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Iran: We Want to Talk, but Won't Give Up Nuclear Rights

Iran's new envoy to the IAEA says Tehran has a "strong will" to talk about its nuclear program, but won't give up its "nuclear rights."
By Elad Benari
First Publish: 9/13/2013, 4:12 AM

IAEA officials
IAEA officials
AFP/File

Iran's new envoy to the UN atomic agency said on Thursday that Tehran had a "strong political will" to engage with the international community over its nuclear program, reported AFP.

But, speaking at the International Atomic Energy Agency (IAEA), Reza Najafi said diplomacy was a two-way street and that Iran would never give up its nuclear "rights", echoing new President Hassan Rouhani.

"I would like to emphasize that there is strong political will on the Iranian side to constructively interact," Najafi told a meeting of the IAEA's board of governors.

"We hope there would be the same approach and political will on the other side. In this context, we should not lose sight of the fact that interaction is not a one-sided road," he said, according to the text of his remarks quoted by AFP.

Hitting out at Israel's "clandestine nuclear weapons program", Najafi said Iran's nuclear program "has always been and continues to be exclusively for peaceful purposes" and that Tehran would never relinquish its "right" to peaceful atomic activities.

Speaking to reporters outside the closed-door meeting in Vienna, Najafi said he did not want to "pre-judge" the outcome of a meeting with the IAEA on September 27 but that he "hoped" it would be successful.

The IAEA will press Iran to address allegations that until 2003 and possibly since it conducted research on nuclear weapons. Ten previous meetings since early 2012 with Najafi's predecessor, Ali Asghar Soltanieh, failed.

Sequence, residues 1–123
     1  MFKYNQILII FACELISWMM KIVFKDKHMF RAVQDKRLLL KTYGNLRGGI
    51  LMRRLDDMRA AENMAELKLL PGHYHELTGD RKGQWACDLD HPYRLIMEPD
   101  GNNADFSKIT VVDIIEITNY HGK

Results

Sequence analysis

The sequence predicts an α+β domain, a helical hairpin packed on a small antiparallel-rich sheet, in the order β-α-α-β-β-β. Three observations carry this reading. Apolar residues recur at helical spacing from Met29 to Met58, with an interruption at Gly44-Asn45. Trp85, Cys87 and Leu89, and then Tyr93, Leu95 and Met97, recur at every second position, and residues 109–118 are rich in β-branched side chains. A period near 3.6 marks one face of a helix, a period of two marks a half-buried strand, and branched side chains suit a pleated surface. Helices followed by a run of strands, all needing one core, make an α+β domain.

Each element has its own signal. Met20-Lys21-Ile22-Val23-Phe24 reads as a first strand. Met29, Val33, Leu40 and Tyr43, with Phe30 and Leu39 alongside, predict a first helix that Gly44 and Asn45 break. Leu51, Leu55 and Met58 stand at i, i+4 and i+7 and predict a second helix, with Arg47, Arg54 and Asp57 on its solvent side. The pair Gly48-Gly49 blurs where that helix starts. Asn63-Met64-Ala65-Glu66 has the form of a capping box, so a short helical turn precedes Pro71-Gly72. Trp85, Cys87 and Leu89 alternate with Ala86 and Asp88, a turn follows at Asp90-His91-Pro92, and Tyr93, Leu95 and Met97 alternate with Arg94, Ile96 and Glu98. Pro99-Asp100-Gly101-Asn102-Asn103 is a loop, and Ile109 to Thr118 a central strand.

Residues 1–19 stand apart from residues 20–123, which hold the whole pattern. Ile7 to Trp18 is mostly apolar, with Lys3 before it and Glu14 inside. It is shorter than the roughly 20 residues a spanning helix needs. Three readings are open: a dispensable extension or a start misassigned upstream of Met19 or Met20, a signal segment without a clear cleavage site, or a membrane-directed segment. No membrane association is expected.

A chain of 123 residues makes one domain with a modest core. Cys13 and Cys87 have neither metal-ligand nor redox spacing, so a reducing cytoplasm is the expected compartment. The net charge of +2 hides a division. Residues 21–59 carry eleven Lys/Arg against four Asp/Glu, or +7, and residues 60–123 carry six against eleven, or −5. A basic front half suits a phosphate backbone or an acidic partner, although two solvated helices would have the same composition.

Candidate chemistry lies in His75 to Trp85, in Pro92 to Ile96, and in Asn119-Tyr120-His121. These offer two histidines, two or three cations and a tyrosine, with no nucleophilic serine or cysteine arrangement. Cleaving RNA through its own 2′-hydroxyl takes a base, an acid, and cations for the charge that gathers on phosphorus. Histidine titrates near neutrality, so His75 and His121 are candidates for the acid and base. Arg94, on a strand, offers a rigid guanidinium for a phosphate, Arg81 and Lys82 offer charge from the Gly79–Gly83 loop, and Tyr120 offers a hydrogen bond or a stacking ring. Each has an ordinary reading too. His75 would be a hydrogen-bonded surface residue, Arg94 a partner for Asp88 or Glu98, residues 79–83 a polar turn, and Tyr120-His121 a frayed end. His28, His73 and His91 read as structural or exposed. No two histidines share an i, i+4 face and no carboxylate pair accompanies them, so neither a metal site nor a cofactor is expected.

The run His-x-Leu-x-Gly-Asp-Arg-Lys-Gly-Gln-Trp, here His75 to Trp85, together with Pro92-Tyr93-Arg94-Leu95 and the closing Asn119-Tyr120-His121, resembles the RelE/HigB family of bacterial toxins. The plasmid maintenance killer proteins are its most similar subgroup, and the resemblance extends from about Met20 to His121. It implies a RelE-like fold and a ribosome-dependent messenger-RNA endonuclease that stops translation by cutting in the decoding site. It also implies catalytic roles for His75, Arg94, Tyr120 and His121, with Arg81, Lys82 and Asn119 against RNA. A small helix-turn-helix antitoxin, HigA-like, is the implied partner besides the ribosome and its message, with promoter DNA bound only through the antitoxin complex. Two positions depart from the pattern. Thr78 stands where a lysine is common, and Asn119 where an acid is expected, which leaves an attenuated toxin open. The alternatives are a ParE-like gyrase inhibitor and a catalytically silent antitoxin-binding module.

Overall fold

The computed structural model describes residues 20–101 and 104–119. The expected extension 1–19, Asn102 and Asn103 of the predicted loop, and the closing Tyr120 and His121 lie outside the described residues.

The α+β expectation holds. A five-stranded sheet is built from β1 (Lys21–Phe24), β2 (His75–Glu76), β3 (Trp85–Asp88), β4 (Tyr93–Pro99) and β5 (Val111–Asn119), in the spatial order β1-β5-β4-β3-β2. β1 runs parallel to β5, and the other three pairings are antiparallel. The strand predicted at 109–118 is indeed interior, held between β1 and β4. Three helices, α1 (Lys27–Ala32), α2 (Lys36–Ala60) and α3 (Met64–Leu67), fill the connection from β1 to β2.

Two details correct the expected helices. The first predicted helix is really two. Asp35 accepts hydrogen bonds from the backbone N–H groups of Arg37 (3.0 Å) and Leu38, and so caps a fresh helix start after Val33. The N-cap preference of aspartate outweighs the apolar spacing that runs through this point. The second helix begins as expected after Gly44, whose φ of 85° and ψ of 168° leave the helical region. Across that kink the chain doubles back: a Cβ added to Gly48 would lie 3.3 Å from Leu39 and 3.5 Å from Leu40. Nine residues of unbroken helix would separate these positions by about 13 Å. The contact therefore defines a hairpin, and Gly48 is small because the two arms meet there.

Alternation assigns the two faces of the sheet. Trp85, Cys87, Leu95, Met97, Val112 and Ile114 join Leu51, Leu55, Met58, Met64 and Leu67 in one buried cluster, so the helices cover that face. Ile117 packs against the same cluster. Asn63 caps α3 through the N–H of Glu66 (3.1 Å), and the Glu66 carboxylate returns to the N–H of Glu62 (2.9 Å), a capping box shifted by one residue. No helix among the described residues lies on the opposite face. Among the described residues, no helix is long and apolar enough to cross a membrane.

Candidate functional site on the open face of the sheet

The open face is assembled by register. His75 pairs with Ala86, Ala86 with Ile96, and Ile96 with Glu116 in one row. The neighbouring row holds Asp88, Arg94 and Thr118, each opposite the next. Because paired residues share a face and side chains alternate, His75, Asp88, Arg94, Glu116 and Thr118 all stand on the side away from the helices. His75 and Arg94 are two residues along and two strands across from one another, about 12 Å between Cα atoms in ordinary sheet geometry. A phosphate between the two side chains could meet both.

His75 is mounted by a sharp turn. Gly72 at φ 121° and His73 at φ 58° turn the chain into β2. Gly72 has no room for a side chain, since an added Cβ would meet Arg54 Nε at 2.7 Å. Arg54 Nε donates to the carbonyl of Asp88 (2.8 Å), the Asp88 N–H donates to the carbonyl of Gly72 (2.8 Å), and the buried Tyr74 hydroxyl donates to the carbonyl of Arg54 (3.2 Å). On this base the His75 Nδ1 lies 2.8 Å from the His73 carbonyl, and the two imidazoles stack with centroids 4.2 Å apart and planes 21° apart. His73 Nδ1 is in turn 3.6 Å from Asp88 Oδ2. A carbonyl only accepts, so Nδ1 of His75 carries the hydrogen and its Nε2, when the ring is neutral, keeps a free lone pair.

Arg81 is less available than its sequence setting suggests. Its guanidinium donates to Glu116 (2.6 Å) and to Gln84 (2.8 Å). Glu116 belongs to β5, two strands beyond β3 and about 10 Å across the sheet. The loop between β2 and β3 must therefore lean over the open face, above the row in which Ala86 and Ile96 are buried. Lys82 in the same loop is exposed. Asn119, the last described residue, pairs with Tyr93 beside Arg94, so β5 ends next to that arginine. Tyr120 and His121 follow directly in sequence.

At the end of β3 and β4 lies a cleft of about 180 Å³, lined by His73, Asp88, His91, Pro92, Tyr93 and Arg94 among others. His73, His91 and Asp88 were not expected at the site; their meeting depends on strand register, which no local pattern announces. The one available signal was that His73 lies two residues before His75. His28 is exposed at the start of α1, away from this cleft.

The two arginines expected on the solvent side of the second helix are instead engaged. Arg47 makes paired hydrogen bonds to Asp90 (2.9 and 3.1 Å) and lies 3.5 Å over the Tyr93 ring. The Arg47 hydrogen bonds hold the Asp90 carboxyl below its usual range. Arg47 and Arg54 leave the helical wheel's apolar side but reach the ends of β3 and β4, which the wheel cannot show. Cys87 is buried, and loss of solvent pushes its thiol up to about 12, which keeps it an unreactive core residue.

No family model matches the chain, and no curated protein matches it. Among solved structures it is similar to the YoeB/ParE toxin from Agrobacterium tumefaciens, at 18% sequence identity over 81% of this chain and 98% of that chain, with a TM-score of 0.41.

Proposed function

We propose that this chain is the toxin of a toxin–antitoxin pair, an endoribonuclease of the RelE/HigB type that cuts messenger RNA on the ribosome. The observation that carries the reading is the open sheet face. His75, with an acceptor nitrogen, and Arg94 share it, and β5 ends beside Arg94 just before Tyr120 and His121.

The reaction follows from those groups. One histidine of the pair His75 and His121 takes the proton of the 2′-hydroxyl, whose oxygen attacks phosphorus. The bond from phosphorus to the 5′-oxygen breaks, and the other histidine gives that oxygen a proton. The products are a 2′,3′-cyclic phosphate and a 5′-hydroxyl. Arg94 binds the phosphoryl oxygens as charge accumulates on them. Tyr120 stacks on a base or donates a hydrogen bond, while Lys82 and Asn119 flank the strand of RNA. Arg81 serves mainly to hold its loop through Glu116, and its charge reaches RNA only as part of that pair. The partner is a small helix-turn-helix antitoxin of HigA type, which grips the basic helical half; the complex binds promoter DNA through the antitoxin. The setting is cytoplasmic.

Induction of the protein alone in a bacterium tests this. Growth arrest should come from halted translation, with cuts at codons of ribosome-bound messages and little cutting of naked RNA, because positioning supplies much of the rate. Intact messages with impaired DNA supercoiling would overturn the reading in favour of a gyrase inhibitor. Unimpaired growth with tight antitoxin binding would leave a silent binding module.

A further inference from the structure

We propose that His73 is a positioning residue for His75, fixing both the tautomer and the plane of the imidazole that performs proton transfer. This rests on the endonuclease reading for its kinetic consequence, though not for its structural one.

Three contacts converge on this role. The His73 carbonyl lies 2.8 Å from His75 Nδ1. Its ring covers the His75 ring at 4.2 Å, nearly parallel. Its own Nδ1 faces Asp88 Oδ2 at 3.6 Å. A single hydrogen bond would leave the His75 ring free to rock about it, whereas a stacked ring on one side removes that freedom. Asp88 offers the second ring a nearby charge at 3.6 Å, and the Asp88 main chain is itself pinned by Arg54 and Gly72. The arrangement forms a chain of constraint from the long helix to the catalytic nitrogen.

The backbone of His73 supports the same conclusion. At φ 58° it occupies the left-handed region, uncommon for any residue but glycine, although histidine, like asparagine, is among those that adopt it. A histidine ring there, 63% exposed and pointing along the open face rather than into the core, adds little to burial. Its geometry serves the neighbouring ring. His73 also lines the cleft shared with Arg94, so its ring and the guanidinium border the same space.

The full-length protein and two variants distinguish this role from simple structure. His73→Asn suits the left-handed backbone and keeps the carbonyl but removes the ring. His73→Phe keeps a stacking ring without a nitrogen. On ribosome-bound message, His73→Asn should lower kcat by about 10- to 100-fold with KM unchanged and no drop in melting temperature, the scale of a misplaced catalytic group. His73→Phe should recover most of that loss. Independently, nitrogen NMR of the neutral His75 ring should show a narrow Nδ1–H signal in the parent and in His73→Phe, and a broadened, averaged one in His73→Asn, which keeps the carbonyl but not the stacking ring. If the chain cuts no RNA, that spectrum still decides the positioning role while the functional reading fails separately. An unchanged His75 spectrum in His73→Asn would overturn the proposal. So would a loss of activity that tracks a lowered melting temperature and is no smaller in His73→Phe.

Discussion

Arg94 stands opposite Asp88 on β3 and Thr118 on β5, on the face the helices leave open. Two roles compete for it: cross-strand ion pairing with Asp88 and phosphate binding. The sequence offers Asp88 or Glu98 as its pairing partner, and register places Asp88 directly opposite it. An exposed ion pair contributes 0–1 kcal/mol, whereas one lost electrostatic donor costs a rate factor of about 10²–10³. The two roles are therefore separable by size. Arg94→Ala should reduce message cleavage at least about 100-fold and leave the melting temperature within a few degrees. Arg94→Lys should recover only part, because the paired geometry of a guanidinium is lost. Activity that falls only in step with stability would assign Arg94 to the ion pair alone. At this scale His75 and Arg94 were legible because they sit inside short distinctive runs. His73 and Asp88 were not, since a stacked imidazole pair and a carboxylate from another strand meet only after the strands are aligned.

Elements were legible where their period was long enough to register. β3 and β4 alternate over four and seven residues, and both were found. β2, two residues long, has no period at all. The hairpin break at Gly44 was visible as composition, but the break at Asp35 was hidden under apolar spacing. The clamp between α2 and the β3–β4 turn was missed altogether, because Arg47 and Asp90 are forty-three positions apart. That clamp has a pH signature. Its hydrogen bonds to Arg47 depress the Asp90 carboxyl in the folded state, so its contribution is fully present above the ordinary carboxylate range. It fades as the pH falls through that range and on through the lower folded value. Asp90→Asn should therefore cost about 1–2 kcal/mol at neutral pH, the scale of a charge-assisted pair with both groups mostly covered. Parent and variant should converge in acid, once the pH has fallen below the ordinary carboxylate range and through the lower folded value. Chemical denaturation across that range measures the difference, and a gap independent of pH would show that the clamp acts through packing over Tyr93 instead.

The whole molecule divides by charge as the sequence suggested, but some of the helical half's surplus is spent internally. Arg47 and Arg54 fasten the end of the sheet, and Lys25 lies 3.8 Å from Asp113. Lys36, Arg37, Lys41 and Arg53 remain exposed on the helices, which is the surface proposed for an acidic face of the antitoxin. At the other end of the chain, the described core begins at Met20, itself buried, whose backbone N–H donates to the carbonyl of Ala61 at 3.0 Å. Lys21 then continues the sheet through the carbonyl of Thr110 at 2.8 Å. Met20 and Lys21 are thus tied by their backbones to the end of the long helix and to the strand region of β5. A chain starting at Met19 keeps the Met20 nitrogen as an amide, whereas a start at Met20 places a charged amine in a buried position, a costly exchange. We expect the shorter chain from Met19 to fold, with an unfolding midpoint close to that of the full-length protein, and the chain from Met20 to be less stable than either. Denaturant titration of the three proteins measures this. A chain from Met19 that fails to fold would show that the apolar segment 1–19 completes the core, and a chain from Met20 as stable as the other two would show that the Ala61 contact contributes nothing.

An IAEA report released at the end of August found that Iran has further boosted its capacity for uranium enrichment.

The report said that Tehran has now installed more than 1,000 advanced centrifuges at its Natanz enrichment plant.

The United States said on Wednesday it was seeing "troubling developments" in Iran's nuclear program and called on the country's new president to take concrete steps soon to ease concerns about Tehran's aims.

The U.S. envoy to the IAEA, Joseph Macmanus, said Washington was ready to work with the new Iranian government "to reach a diplomatic solution that will fully address the international community's concerns" about Iran's nuclear program.

Rouhani’s election in June as Iranian president has raised hopes that the talks, as well as parallel diplomatic efforts with world powers, will make progress after a decade of no success and rising tensions.

Rouhani on Tuesday said that Tehran would not give up "one iota" of its nuclear rights, repeating a mantra frequently used by his more hardline predecessor Mahmoud Ahmadinejad.

He also said that the time for resolving Iran's nuclear dispute with the West was limited, urging the world to seize the opportunity of his election.

The UN Security Council has passed six resolutions since 2006 calling on Iran to suspend the most sensitive parts of its nuclear program because of suspicions that it is aimed at getting the bomb.

Israel's ambassador to the IAEA, Ehud Azoulay, told the Vienna meeting meanwhile that Iran "is leading the entire world community around in circles ... to conceal the true military nature of its nuclear program."

He added that "an evil regime is about to turn into a nuclear-armed evil regime."